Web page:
Dr. Haane Massarotti recently joined Cleveland Clinic Indian River Hospital to lead the colon and rectal surgery program, which now can provide colorectal care through minimally invasive robotic surgery. Prior to her arrival, patients seeking the most advanced robotic surgery for colorectal cancer would have to drive to Orlando or South Florida.
“Colorectal surgery is done with open or minimally invasive procedures,” said Dr. Massarotti.
“Prior to me coming on board, most colorectal surgeries were done laparoscopically or open with some robotic use. Our new robotic system is designed solely for use in colorectal surgery, which involves all surgery within the colon, rectum and anus.
“This advanced technology enables us to remove both malignant and benign colorectal cancers and polyps, and to treat diverticulitis, pelvic prolapse and Crohn’s disease. The rectum is a very narrow space in the deep bony pelvis which houses the blood vessels and nerves, so the greatest benefit of the robotic is operating on the rectum because of the confined space.”
Contrary to some popular beliefs, robotic surgery is not performed by an autonomous robot.
Instead, the technology provides a highly precise tool used by surgeons to perform the surgery.
There are three parts to the robotic device: the surgeon console, the patient side cart and the vision stack. The surgeon sits at the console and there is a side cart attached to instruments or robotic arms that go into the patient’s abdomen through small incisions.
The surgeon console enables the surgeon to see 3-D, high-definition images within the body.
The system provides increased visualization in small spaces, along with increased dexterity and accuracy. The surgeon controls the tiny instruments through the console. The wristed instruments move like a human hand but with a far greater range of motion and precision.
The patient side cart is positioned near the patient on the operating table. It is where the instruments used during the operation move in real time in response to the surgeon’s hand movements at the surgeon console.
The vision cart makes communication between the components of the system possible and provides a screen for the care team to view the operation.
“There are many benefits of robotic colorectal surgery over laparoscopic or open surgery,” Dr. Massarotti said. “It requires a shorter hospitalization stay, decreased pain and discomfort, faster recover time, smaller incisions, decreased need for blood infusion, and less scaring. The patient is generally released from the hospital within two to three days and back to doing normal activities in a couple of weeks.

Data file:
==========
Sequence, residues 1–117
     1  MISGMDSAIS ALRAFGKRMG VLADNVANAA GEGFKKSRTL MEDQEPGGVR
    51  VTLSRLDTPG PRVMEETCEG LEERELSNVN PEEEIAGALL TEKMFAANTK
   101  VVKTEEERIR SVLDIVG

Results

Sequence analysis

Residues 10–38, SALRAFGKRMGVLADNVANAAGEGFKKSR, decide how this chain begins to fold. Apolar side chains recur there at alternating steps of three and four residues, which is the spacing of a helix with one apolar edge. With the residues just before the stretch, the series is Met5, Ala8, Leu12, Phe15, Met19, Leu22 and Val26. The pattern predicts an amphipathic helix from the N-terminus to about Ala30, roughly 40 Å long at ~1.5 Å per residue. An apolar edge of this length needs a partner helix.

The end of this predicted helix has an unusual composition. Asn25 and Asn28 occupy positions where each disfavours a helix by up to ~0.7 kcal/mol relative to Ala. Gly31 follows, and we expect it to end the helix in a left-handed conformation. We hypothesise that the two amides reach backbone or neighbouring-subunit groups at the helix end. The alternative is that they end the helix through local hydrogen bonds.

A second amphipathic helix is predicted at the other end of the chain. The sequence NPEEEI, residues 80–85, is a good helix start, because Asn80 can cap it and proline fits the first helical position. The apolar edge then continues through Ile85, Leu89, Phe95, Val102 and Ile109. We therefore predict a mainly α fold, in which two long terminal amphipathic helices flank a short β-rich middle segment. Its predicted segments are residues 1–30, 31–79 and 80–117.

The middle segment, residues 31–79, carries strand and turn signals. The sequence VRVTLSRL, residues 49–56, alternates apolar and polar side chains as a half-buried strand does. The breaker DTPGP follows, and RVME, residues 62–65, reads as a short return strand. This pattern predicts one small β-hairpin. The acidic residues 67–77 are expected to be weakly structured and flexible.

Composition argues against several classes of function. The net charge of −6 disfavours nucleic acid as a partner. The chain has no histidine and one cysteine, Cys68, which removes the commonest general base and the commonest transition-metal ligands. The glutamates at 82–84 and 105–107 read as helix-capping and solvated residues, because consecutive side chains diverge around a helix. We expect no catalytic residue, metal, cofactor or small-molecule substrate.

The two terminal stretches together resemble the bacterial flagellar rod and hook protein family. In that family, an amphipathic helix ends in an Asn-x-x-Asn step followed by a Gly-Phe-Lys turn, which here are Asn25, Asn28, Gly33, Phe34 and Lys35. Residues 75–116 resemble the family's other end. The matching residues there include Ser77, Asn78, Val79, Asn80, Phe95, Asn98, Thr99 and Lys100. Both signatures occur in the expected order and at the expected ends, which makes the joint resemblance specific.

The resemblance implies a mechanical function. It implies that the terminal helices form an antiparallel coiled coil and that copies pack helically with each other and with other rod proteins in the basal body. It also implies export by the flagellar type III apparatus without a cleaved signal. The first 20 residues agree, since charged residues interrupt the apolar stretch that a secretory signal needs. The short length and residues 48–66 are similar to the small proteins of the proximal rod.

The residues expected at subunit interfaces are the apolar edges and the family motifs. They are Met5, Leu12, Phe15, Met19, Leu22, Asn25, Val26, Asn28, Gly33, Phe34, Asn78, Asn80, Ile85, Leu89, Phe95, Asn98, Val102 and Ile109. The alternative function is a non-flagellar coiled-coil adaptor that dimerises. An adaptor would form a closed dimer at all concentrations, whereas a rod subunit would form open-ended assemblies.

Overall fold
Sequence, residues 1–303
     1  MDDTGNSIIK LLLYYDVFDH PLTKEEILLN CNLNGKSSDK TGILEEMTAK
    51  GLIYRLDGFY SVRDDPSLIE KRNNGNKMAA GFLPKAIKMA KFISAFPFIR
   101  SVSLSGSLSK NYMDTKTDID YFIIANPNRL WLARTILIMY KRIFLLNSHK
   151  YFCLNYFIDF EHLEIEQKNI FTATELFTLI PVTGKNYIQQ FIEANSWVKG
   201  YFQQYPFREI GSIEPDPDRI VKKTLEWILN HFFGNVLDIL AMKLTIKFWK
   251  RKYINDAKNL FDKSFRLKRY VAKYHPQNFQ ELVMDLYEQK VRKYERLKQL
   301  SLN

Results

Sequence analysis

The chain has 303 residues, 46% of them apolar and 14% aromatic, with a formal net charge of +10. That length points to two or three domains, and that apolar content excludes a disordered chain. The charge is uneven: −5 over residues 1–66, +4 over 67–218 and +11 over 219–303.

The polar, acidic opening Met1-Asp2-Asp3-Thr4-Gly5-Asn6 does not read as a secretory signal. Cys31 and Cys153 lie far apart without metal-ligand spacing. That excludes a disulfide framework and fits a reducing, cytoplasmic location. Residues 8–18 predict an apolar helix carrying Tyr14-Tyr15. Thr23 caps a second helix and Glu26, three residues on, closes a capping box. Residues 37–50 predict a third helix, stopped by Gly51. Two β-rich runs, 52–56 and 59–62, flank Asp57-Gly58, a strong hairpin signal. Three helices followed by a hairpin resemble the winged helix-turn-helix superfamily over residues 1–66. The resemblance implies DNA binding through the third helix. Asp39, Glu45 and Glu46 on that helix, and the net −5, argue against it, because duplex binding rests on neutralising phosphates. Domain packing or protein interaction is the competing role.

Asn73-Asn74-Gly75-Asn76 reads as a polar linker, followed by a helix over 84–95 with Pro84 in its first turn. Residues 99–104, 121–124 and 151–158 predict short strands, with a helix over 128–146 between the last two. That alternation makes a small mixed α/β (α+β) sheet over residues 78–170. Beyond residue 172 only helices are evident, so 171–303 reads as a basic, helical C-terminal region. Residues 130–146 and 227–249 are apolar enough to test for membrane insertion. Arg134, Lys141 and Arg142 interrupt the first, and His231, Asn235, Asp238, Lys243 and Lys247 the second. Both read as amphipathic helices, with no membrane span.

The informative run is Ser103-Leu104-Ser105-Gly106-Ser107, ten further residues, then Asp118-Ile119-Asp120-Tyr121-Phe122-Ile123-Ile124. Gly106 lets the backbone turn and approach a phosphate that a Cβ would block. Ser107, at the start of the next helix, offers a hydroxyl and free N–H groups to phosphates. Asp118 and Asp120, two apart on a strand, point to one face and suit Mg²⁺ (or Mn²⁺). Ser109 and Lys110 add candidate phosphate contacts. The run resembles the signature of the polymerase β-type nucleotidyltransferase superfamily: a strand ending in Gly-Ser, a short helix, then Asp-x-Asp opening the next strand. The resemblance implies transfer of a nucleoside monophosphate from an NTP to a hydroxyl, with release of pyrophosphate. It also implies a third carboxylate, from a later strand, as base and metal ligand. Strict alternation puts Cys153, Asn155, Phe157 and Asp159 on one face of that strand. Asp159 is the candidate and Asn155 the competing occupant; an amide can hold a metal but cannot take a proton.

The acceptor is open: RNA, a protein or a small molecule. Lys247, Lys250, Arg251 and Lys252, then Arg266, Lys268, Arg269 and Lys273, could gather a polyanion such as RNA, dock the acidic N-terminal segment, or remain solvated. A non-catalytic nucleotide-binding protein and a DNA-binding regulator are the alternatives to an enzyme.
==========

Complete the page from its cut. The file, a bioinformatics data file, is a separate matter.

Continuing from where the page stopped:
“But this procedure isn’t for everyone. Robotic surgery is one of the many tools that we have to work with, but not the only one.
“Our goal is safety, quality and cancer cure. If we can cure cancer with quality care utilizing the robot then we will, but sometimes that is not the case, and we will proceed with laparoscopic or open surgery. This is a decision made between the surgeon and the patient based on the patient’s primary pathology, medical diagnosis and surgical history.”
According to Dr. Massarotti, colon cancer is the third most common cancer in the United States, and it affects both men and women equally. While it’s historically been associated with the older population, more and more younger people are being diagnosed with the disease, which is one reason the suggested age for a colon screening has been dropped from 50 to 45 for insurance purposes. The good news is that if diagnosed early enough, colorectal cancer is completely curable.
“I became a colorectal surgeon because not only can I help people that are suffering from cancer, but I can also help those who are experiencing embarrassing or debilitating issues with their bowels and vastly improve their quality of life,” Dr. Massarotti said.
“I encourage anyone who has any colorectal complaints such as a change in bowel habits, bleeding, constipation or unexplained weight loss to consult with their primary care physician.
If these issues are not getting resolved with simple intervention, then they should consider seeing a gastroenterologist who will further evaluate and diagnose the source of the problem.
Before the patient gets to me, they have seen multiple specialists who will all work together to come up with a treatment.”
The risk of getting colorectal cancer can be reduced by minimizing the consumption of red meat while increasing the intake of fruits, vegetables and fibrous food in your diet. Drink plenty of water, maintain a healthy weight, exercise 30 minutes a day, and don’t smoke or drink alcohol. Also get your regular colonoscopy screening even if you don’t have any symptoms beginning at the age of 45.
Dr. Massarotti is the only colorectal surgeon on the staff of Cleveland Clinic Indian River Hospital. She received her medical degree from the University of Hawaii John A. Burns School of Medicine and completed her general surgery residency at the Lehigh Valley Health Network in Allentown, Pa. Her ACGME fellowship in colon and rectal surgery was completed at Cleveland Clinic Florida.
As a colorectal surgeon, she is double board-certified; recognized by the American Board of Surgery for general surgery with additional certification through the American Board of Colon and Rectal Surgery. Her office is located in the Health and Wellness Center at Cleveland Clinic Indian River Hospital, 3450 11th Court, Vero Beach. For an appointment call 772-770-0323.